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MST3LOTR-dance - arwen_elvenfair

Which book? How to choose?

I asked myself something yesterday when I was trying to decide which of the many possible story ideas I should commit to working on next. I'll share it with you in case you have some decision to make, to which this line of questioning may apply.

I essentially had three story ideas revolving in my mind as main contenders for The Next Novel; we'll call them A, B, and C. (As with many writers, my problem isn't coming up with ideas, it's choosing which of my many ideas to use at a given time.) Naturally I first tried asking myself, "Which do I want to write most?", but for some reason that didn't give me a clear winner. I could justify why I might like writing each of them, or "should" try writing each of them.

So I turned it around and instead asked, "How would I feel if I learned that someone else just wrote and published this exact story, and therefore I could never write it myself?"

And that was more interesting. Because for stories A and B, it turned out I didn't mind so much. I thought, "Oh well; that might be for the best. Someone else with more expertise on subject A or subject B would probably write it better." But for story C, I felt regret at the idea of giving it up—"Aw! I could've had fun with that. I would have come up with something cool."

Thus we have our answer.

...Although don't hold me to that. I could yet change my mind. 

Froud - bad faeries

Being a memoirist again, just for tonight

Here’s a story about an alluring guy I met online.

It was the late '90s, in a chat room for fans of The Cure.

He swooped in and defended me against a troll by delivering witty, cutting comments that drove said troll out of the room. I messaged him to say thanks, and we became friends.

He lived on the other side of the country from me, with his folks. We were still in our early 20s, so it wasn’t too unusual that he lived at home. He basically seemed to invest funds rather than work, and was well educated.

Not only did we share tastes in music, but we both enjoyed snarky takedowns of stupid people. Always a thing to bond over in one’s 20s. The friendship continued for the next few years, despite our frustratingly slow dial-up connections.

We confided in each other. I told him about relationship trouble with my boyfriend sometimes, but my online buddy was a gentleman; he never tried to cybersex me or otherwise audition to become my next boyfriend.

He told me about having loved and lost. About a fiancée recently who’d died in an accident. My heart ached for him.

There was sometimes flirtation. Or at least, I read it as such, and I reciprocated. The affection was expressed through rare, shy compliments, songs sent to one another in mp3, and occasional gifts shipped across the country.

We even talked on the phone a couple of times. He was charming, exactly as he was in our message window. Hearing his voice made him so real. Although not quite as real as I wanted.

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Kimberley

Doing nothing...except WRITING!

We all like to joke about how the majority of us lately are at home doing nothing; wearing pajamas, Netflixing, posting photos of our pets, obsessively refreshing news sites. I'm doing all of that for sure. BUT! I'm also writing! And editing. And plan to keep doing a lot more of both.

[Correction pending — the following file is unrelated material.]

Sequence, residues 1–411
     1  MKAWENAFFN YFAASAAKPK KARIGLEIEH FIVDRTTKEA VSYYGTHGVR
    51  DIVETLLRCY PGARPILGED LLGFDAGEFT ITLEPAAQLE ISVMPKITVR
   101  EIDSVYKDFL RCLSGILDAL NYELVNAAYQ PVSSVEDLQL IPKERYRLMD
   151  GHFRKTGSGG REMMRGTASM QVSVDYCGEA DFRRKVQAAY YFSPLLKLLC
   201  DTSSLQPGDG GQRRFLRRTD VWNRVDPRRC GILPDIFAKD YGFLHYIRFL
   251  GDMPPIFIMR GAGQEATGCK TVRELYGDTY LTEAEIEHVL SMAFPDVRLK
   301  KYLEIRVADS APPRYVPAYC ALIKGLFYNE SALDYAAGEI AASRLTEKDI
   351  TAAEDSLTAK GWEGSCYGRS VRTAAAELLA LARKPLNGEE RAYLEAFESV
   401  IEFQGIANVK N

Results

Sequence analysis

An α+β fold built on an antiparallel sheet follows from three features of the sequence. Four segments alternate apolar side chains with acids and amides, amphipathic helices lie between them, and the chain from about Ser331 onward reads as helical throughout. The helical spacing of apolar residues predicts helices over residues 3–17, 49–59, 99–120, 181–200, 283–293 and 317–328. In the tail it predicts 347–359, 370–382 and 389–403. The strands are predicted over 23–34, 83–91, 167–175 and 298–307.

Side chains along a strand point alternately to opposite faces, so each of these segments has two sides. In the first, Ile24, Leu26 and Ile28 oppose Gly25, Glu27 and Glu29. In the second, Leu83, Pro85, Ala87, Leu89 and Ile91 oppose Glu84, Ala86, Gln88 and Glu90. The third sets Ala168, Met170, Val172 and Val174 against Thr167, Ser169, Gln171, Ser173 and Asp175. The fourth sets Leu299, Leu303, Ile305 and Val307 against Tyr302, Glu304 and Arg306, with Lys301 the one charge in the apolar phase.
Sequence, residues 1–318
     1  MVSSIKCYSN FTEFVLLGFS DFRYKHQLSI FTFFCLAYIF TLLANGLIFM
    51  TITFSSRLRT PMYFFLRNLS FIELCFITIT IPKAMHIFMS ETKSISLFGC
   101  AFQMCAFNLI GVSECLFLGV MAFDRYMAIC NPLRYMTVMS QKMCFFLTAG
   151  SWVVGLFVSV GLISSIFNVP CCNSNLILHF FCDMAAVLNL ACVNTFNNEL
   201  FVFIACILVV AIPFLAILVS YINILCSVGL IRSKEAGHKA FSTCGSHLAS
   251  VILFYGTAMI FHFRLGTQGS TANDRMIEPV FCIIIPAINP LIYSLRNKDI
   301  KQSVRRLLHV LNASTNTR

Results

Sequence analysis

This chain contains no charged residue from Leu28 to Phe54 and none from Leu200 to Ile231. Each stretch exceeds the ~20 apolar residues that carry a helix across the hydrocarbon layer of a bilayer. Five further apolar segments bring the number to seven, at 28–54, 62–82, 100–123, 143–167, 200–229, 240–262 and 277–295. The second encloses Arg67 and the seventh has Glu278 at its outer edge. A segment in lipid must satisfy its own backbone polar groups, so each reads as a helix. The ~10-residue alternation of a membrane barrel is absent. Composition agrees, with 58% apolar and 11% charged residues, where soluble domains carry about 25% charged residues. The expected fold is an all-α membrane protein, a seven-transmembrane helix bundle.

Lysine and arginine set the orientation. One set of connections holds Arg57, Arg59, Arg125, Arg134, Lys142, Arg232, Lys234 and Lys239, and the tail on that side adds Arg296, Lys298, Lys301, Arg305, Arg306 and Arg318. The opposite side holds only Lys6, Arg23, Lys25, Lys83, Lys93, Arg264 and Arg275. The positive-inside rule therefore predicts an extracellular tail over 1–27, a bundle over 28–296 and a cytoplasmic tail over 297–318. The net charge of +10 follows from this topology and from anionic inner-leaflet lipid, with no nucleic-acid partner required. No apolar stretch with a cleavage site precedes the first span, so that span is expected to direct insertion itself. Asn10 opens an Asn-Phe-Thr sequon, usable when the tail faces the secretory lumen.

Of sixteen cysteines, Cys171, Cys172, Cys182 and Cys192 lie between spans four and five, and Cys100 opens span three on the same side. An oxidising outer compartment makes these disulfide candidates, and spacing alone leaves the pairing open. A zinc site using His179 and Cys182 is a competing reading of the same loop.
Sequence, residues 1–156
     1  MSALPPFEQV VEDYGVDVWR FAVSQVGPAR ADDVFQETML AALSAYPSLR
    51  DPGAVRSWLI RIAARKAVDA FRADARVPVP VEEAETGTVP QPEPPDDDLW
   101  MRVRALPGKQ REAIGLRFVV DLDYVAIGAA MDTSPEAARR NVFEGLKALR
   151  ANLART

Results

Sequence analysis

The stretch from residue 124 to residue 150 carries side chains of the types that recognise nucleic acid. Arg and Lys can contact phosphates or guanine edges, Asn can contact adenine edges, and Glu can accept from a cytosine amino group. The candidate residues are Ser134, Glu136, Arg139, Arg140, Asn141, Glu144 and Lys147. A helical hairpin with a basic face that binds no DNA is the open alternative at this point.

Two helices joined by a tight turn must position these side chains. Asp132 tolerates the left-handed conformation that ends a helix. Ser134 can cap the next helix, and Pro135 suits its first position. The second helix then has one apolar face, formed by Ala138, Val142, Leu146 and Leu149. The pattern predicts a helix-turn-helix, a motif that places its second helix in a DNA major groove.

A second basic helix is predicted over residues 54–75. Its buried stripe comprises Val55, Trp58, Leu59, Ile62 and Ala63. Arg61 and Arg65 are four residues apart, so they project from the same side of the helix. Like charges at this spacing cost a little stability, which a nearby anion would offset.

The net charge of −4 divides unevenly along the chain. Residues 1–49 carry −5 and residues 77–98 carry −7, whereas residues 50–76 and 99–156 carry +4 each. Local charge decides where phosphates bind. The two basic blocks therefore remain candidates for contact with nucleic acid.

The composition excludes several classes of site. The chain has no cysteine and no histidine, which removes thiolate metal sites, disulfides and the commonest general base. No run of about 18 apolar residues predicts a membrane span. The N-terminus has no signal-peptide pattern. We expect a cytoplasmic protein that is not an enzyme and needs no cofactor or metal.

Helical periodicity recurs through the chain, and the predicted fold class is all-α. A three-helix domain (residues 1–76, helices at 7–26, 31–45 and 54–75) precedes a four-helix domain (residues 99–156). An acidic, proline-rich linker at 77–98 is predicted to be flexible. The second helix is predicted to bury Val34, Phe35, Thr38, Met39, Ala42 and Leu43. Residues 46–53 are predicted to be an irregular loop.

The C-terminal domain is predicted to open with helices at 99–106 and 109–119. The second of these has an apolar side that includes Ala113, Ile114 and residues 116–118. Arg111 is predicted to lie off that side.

I asked myself: If I were going to die soon—a possibility that's seemed a lot more real for everyone lately—what would I wish I had done? Since I have to scratch off things like "see Italy" for now, I looked to the other items, most of which are things like:

Finish the story I'm working on
Try writing that play adaptation I was talking about
Think about the next book and decide what I most want to write in all the world, and write that

And, yeah: read delightful books and watch shows and films I've always meant to, and be extra loving with my kids and husband and pets. But not to the exclusion of creating.

Because, you know what, I probably still have a long future ahead, and you probably do too. And when quarantine finally lifts and real life rushes out the gates again, I want to emerge with lots of new finished products in hand, ready to share.

HUGE side benefit: focusing on all of the above makes me much less anxious, and I am naturally a person prone to anxiety. Especially health-related anxiety! So this is a major perk.

Take care out there, and worry less by living more. In your space. At a safe distance. 

:) ❤️

girl reading with moon

88 Lines About 44 Women Writers

So, I made a thing. I heard that ‘80s song about 44 women, and I decided to write…


88 LINES ABOUT 44 WOMEN WRITERS


Enheduanna was a poet

From four thousand years ago,

Sappho, too, wrote lyric lines

For lovers we may never know


Murasaki’s Tale of Genji

Might be the first novel ever,

Hildegard knew plants and music,

Mystical and wise and clever


Héloïse became a scholar,

Writing reams to Abelard,

Veronica the courtesan

Penned poems earning high regard


Aphra was a spy and playwright,

Boldly blazing cagey trails,

Marie-Catherine charmed the salons

With her retold fairy tales


Mary wrote on rights of women,

Did her gender proud and fine,

And her daughter, also Mary,

Gave the world a Frankenstein


Jane created Mr. Darcy,

Satirized society,

George’s books (or Mary Anne’s)

Show kindness and variety


Elizabeth, she loves thee, let her count the ways,

Her romance soars,

Charlotte gave us Rochester

And Jane Eyre out upon the moors


Emily is famed for Heathcliff,

Turbulent and dark and grim,

Anne wrote with more realism,

Sensible and calm and prim


Christina held a Goblin Market,

Lovely, eerie, and fantastic,

George romanced Chopin and kept her

Gender expression elastic


Harriet, with Uncle Tom,

Helped to encourage abolition,

Emily wrote eighteen hundred

Poems despite her shy condition


Louisa and her little women

Still cause us to rhapsodize,

Edith scored the Pulitzer,

The first woman to win the prize


Virginia urged a room of one’s own

For all women who would write,

Colette captivated France

As actor, novelist, playwright